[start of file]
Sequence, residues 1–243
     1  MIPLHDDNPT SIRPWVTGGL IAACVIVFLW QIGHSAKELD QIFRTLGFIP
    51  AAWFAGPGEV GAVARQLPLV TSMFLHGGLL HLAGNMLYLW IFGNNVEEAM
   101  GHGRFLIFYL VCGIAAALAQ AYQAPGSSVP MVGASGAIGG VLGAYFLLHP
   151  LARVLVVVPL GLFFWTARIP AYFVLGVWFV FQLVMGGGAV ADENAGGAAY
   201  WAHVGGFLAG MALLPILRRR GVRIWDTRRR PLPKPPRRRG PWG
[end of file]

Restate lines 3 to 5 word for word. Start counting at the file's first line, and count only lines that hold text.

    51  AAWFAGPGEV GAVARQLPLV TSMFLHGGLL HLAGNMLYLW IFGNNVEEAM
   101  GHGRFLIFYL VCGIAAALAQ AYQAPGSSVP MVGASGAIGG VLGAYFLLHP
   151  LARVLVVVPL GLFFWTARIP AYFVLGVWFV FQLVMGGGAV ADENAGGAAY